Hello Dear Poets-
Linda here, and I am coming to you from Mesa, AZ where we are in the midst of summer, and it’s also the monsoon season. It’s that time again for dVerse’s own creation- the Quadrille. For those of you new to dVerse, the quadrille is a 44 word poem exactly, excluding the title. The word today is Bramble or any form thereof, or even one you create containing the word.
“What are the thorns really telling her? It’s why she won’t let us see them, why she clings to them–or they cling to her–as though she got herself buried in a bramble thicket and she can’t get out and we can’t get in to free her.” ― Patricia A. McKillip, Alphabet of Thorn
I love the word bramble; it brings to mind days of old, slower days, easy days, days without a virus raging through humanity.
When I hear the word bramble, I am taken back to my childhood of picking blackberries on hot and humid summer days in Texas. I remember one day in particular when my mom, younger sister and I went berrypicking. We went down by a creek, and the berry bushes were heavy with fruit. I was always the meandering child with her head in the clouds and curious about everything. I wandered to a bush that was full of the luscious fruit.
I started picking berries, and as I took a breath, an awful smell overcame me. “Mom, there is something over here that smells terrible.” Immediately, my mom went into ‘mother’ mode. “Linda, stop right there. Don’t move. Don’t say another word.”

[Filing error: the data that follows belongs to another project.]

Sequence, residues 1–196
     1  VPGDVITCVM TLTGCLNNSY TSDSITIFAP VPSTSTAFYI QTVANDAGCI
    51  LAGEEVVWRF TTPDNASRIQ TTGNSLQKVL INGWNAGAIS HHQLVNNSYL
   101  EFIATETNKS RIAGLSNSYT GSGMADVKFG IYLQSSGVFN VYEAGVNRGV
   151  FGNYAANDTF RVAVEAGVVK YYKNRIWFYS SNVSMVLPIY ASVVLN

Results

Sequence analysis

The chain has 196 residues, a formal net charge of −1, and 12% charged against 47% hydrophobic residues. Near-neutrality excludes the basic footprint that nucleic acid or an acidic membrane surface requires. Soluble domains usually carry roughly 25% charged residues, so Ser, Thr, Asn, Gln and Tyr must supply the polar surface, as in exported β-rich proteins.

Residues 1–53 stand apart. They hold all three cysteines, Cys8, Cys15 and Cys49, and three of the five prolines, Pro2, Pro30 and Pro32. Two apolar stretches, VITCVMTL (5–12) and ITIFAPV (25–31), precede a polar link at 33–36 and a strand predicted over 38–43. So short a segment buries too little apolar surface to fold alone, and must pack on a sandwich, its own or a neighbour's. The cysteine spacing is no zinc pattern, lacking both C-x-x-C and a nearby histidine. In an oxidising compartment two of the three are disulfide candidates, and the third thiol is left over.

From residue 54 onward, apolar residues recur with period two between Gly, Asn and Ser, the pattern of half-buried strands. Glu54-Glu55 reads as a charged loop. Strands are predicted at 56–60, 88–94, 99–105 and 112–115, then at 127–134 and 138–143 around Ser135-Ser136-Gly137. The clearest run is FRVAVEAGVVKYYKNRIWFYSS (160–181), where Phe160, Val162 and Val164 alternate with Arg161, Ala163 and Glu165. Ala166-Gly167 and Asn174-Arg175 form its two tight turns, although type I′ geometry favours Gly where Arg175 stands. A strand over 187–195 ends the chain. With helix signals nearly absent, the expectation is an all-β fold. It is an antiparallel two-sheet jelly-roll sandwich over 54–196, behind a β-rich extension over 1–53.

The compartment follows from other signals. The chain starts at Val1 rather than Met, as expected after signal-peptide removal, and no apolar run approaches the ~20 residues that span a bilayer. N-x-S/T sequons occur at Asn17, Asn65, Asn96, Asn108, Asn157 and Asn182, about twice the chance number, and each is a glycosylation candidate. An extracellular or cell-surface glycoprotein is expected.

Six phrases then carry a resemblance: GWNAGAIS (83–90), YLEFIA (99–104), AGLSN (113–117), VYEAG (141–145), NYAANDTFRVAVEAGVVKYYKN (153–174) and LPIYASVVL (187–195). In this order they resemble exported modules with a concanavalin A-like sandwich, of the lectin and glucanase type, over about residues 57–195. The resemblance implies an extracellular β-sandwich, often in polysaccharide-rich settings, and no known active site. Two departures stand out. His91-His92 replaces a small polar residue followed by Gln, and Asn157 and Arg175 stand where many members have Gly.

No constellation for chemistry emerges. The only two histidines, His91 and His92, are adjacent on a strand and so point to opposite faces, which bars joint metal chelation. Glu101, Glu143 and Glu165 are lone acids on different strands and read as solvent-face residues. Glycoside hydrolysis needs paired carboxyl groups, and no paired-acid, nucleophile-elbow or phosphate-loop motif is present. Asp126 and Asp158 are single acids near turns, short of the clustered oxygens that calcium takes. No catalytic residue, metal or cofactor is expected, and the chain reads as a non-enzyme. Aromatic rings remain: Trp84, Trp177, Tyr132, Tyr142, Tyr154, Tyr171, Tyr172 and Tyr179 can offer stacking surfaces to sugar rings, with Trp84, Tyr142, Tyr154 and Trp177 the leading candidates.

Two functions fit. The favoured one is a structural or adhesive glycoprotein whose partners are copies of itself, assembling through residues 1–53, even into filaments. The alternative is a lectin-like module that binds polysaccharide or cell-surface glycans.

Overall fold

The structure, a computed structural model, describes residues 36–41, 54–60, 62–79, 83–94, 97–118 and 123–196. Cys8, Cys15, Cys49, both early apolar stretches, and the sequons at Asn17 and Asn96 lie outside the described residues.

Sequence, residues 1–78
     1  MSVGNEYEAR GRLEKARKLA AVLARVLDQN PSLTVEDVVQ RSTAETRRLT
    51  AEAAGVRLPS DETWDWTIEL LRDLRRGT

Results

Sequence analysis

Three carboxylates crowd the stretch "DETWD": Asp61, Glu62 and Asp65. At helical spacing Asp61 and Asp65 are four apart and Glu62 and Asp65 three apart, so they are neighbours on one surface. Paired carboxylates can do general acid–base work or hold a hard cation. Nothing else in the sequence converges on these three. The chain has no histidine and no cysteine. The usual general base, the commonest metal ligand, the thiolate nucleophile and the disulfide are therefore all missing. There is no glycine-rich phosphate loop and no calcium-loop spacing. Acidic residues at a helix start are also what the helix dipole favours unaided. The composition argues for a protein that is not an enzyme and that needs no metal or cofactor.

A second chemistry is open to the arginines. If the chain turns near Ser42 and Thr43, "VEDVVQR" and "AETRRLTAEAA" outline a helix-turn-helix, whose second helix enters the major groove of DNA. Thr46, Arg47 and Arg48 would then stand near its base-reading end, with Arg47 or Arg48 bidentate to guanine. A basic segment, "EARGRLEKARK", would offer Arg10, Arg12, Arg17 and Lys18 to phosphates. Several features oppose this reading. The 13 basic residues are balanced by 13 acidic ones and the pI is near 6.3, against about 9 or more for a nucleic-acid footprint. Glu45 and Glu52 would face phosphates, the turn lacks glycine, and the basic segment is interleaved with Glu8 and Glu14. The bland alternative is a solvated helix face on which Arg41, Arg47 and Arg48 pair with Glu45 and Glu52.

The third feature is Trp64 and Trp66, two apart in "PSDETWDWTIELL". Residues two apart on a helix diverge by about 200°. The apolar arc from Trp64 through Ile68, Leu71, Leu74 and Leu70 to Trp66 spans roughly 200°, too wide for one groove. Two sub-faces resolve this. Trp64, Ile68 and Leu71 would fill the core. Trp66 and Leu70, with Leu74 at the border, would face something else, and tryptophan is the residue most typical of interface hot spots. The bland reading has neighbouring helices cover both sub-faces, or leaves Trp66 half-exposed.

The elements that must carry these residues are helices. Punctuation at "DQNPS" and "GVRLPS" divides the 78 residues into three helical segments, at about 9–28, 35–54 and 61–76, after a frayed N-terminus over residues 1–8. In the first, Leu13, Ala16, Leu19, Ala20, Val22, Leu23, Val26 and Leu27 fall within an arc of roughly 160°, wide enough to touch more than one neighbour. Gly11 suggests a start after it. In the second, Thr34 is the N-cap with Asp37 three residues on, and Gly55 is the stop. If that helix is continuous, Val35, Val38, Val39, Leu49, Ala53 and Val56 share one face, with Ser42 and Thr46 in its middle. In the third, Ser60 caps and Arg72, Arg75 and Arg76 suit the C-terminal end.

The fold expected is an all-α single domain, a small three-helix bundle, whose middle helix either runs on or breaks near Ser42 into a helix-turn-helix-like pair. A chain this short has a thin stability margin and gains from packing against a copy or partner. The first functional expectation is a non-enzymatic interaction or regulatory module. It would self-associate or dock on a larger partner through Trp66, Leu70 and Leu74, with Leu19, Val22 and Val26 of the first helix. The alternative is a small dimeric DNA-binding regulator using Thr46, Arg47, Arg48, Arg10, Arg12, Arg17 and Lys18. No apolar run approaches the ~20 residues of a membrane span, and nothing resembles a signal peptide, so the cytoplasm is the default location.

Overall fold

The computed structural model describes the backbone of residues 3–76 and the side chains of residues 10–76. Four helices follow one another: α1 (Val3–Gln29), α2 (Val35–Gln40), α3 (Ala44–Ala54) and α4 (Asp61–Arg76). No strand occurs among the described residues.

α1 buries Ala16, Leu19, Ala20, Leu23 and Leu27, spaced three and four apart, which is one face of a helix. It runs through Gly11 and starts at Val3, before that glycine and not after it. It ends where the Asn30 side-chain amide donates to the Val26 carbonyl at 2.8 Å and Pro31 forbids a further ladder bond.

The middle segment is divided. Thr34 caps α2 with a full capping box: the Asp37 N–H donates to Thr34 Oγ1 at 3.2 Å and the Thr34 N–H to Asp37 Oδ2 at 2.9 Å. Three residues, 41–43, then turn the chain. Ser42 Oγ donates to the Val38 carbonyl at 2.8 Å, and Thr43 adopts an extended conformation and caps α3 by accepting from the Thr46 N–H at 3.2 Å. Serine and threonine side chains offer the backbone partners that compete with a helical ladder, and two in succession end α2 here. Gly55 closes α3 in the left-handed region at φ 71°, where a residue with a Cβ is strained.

I froze because I was also an obedient child. My mom walked behind me about six feet away, and then said, ‘Slowly back away from that berry bush now. I’m not far behind you. Try not to make any sudden movements or noise baby.”
By now, I was frightened because I knew from my mom’s tone that something was very wrong. I did as she said, and moved away from the berry bush, backing up with tiny steps. At last I felt her arms around me. She pulled me further back, and I turned into her arms. I began to cry but I had no idea why.
When I was calm, my mother kneeled down and looked me in the eye. “Do you remember that smell?”
“Yes, mama, I do.” She let out a deep sigh of relief. “Good, don’t ever forget it. What you just smelled was a water moccasin, a very poisonous snake.”
My mom is, and always will be, my hero.
Here’s an interesting fact about water moccasins, or cottonmouths: Cottonmouths use a gland to spray a foul-smelling musk up to 1.5 meters (5 feet) away to warn potential predators. Source: Just fun facts
Although this was a frightening experience, it is one I have never forgotten.
Now, on to some ‘Brambling’ poetry!
Here is a wonderful poem by Emily Dickinson using the word bramble.
By Emily Dickinson
Through lane it lay — through bramble —
Through clearing and through wood —
Banditti often passed us
Upon the lonely road.
The wolf came peering curious —
The owl looked puzzled down —
The serpent’s satin figure
Glid stealthily along —
The tempests touched our garments —
The lightning’s poinards gleamed —
Fierce from the Crag above us
The hungry Vulture screamed —
The satyr’s fingers beckoned —
The valley murmured “Come” —
These were the mates —
This was the road
Those children fluttered home.
And another lovely piece:
A Bird Song
Christina Rossetti – 1830-1894
It’s a year almost that I have not seen her:
Oh, last summer green things were greener,
Brambles fewer, the blue sky bluer.
It’s surely summer, for there’s a swallow:
Come one swallow, his mate will follow,
The bird race quicken and wheel and thicken.
Oh happy swallow whose mate will follow
O’er height, o’er hollow! I’d be a swallow,
To build this weather one nest together.
Here’s how to join in:
- Write a quadrille as described above. Post it on your blog or website.
- Enter your name and direct link to your poem in Mr. Linky.
- Follow the links to other poets. Read and comment. Come back to read more as the prompt is open all week.
- Link back to dVerse so others can find us too.
- Drop in to say hello in our discussion below.
- Have fun!